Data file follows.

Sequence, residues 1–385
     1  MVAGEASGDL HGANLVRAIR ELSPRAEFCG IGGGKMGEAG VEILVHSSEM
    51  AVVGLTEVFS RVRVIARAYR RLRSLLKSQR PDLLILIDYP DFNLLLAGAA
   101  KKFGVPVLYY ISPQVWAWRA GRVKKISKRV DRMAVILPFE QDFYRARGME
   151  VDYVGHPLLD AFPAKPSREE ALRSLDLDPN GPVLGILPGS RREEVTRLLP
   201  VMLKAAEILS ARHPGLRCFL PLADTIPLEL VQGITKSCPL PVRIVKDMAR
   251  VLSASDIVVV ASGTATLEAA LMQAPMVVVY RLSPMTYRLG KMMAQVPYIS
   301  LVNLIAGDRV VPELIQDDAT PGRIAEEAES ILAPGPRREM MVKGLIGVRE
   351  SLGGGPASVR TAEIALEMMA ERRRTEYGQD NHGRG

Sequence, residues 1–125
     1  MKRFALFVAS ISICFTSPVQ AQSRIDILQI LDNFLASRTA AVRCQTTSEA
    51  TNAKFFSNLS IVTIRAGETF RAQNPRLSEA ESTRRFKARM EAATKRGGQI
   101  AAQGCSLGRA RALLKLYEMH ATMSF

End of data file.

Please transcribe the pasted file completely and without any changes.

Sequence, residues 1–385
     1  MVAGEASGDL HGANLVRAIR ELSPRAEFCG IGGGKMGEAG VEILVHSSEM
    51  AVVGLTEVFS RVRVIARAYR RLRSLLKSQR PDLLILIDYP DFNLLLAGAA
   101  KKFGVPVLYY ISPQVWAWRA GRVKKISKRV DRMAVILPFE QDFYRARGME
   151  VDYVGHPLLD AFPAKPSREE ALRSLDLDPN GPVLGILPGS RREEVTRLLP
   201  VMLKAAEILS ARHPGLRCFL PLADTIPLEL VQGITKSCPL PVRIVKDMAR
   251  VLSASDIVVV ASGTATLEAA LMQAPMVVVY RLSPMTYRLG KMMAQVPYIS
   301  LVNLIAGDRV VPELIQDDAT PGRIAEEAES ILAPGPRREM MVKGLIGVRE
   351  SLGGGPASVR TAEIALEMMA ERRRTEYGQD NHGRG

Sequence, residues 1–125
     1  MKRFALFVAS ISICFTSPVQ AQSRIDILQI LDNFLASRTA AVRCQTTSEA
    51  TNAKFFSNLS IVTIRAGETF RAQNPRLSEA ESTRRFKARM EAATKRGGQI
   101  AAQGCSLGRA RALLKLYEMH ATMSF